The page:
New asset management regulations and guidelines are constantly being released in Canada, but there is little information on how municipalities are implementing these practices. To address this knowledge gap, a research team from the University of Waterloo have developed an Asset Management Readiness survey to better understand and benchmark the current water and wastewater infrastructure asset management practices in Ontario.
Graduate student and environmental engineer, Anelisa Schmidt and her supervisor Dr. Mark Knight will lead the research with financial support provided by the Centre for Advancement of Trenchless Technology (CATT) and the Southern Ontario Water Consortium (SOWC).
“We started this conversation with Mark Knight at CATT about a year ago,” said Brenda Lucas, executive director of the SOWC.
“We recognize that municipalities that undertake strategic, data-driven asset management are in a much better position to consider new approaches and technologies because they really understand their needs and can target or recognize solutions that will work for them. I’ve been really encouraged by the emphasis on asset management by both the federal and provincial governments, and in particular, Ontario’s new regulation requiring asset management,” said Lucas.
“Mark’s team used the Asset Management Readiness Scale created by the Federation of Canadian Municipalities. And they turned it into an easy-to-use survey specifically for water, wastewater, and stormwater assets. As evidence and tools become better available to show the financial and other benefits of incorporating strategic asset management planning into decision-making, it’s helpful to have a baseline of the starting point for asset management in the province and how it changes over time,” she said.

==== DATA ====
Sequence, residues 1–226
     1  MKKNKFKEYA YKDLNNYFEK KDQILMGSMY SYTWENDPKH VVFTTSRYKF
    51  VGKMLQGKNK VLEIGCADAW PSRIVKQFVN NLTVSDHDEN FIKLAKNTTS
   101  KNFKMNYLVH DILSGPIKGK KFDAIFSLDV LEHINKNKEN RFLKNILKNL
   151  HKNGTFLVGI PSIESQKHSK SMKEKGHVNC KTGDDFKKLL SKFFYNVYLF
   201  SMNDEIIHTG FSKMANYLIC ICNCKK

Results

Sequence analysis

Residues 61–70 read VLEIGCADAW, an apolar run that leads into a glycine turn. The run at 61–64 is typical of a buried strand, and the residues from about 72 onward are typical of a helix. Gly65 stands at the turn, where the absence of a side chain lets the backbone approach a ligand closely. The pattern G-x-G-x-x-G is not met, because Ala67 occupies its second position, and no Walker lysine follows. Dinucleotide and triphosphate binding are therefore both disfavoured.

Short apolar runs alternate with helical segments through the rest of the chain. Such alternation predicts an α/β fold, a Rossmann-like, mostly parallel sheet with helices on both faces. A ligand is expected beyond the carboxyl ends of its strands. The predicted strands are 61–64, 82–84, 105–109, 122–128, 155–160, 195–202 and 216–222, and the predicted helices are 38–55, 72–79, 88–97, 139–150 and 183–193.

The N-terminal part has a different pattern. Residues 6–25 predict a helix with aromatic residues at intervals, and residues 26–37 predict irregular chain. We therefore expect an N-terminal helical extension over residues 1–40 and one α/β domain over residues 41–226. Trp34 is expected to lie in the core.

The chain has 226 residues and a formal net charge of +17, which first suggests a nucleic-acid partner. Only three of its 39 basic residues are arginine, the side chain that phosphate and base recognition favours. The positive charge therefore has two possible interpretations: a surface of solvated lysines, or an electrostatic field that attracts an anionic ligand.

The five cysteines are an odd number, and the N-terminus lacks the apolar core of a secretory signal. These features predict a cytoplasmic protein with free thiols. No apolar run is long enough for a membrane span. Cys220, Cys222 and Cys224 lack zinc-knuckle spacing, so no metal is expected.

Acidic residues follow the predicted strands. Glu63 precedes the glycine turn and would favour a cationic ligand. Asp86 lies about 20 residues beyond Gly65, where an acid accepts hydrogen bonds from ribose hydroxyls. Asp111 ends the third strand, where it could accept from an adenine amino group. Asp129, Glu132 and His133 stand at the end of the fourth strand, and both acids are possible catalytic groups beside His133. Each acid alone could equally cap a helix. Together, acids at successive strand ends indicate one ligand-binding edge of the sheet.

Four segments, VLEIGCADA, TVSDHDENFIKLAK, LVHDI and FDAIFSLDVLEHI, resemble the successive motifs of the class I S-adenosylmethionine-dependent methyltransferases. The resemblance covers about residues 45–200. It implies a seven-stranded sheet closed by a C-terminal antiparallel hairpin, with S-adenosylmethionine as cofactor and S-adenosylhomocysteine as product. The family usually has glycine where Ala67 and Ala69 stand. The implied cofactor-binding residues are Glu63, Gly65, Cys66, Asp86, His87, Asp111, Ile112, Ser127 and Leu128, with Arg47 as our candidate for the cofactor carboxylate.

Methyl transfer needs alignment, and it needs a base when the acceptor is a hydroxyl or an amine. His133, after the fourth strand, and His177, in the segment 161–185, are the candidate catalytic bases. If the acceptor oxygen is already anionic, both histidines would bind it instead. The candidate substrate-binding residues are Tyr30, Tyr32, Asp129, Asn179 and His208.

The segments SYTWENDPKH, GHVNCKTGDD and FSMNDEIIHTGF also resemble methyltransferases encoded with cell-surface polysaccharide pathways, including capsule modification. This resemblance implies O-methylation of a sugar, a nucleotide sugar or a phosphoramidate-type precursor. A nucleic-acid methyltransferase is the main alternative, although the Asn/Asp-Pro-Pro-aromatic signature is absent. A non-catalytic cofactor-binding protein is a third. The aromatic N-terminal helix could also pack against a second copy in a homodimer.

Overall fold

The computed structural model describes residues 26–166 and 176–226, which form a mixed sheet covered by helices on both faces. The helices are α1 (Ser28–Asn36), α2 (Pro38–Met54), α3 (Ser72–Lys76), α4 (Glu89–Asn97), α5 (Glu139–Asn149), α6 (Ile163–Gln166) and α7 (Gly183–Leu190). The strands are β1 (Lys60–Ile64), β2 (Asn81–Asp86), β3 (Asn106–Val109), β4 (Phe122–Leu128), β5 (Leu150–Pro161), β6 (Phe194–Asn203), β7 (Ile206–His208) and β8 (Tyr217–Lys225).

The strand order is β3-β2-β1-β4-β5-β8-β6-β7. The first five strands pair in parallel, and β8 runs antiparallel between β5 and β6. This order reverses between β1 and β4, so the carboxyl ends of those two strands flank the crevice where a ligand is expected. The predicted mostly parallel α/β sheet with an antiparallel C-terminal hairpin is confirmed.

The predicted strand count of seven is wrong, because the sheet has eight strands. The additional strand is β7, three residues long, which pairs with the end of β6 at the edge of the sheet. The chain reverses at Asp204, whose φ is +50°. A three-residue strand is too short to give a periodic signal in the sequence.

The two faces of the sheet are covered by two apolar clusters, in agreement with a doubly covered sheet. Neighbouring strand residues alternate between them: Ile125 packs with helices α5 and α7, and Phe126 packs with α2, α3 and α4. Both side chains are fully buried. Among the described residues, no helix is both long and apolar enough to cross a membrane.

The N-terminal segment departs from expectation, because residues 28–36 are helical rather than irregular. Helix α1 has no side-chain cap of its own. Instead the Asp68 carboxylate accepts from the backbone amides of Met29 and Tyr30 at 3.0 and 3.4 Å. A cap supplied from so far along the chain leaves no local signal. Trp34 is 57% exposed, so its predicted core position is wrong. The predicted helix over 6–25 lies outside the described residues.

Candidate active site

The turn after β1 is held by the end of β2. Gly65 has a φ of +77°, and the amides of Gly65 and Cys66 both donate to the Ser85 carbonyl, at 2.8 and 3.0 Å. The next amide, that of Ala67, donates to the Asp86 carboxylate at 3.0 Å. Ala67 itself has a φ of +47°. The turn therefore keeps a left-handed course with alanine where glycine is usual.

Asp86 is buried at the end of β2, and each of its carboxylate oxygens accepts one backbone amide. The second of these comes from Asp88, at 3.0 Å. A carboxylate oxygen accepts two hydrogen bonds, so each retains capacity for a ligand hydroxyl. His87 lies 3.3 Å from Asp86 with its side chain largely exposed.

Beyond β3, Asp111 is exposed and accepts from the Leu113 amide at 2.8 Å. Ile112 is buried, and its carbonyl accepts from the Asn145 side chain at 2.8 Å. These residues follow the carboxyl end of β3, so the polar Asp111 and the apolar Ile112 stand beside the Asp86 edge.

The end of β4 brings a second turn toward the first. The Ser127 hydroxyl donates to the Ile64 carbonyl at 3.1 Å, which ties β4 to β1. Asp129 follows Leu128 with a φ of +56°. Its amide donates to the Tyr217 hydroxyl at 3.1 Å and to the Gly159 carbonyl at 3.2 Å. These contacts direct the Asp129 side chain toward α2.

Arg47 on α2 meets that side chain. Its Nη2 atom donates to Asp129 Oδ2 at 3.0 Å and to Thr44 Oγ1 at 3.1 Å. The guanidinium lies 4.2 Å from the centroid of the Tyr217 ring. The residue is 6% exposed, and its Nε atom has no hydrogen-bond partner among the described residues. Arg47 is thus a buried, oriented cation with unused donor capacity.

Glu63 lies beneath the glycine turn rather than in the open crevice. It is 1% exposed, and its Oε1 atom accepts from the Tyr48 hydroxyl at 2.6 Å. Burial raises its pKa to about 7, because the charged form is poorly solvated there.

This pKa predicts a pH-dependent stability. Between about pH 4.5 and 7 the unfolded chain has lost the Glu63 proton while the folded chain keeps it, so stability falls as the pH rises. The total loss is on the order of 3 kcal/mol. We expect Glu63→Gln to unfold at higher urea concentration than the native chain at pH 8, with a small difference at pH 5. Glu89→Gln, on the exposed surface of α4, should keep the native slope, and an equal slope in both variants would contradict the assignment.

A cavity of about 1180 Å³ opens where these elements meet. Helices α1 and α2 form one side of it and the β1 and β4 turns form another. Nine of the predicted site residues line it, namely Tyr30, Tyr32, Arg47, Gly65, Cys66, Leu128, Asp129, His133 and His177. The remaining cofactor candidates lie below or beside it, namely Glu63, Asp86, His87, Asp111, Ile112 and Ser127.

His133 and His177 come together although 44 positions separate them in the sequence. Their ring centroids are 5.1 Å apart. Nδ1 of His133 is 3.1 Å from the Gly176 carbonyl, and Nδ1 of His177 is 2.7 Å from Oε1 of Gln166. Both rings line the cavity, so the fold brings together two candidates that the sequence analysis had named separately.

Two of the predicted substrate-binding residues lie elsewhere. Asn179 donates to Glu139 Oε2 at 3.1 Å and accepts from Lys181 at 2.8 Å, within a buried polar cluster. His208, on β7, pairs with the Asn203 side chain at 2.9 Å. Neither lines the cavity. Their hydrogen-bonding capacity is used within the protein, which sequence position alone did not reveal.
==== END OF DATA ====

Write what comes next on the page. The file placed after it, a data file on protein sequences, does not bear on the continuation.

According to the 2016 Canadian Infrastructure Report Card, municipalities own 57 per cent of the core public infrastructure in Canada, while provinces and territories own 41 per cent. Information about asset management practices in Ontario will help municipalities to asses themselves and plan their next steps, as the province’s asset management requirements are implemented, and funding allocations are determined.
The CATT plans to conduct the survey on an annual basis to examine how the readiness level is evolving.
The survey is intended for municipal asset management practitioners. The estimated time for completing the survey is 30 minutes to 1 hour. Participants of the survey will receive the final report.
To access the survey visit https://www.surveymonkey.com/r/ReadinessSOWC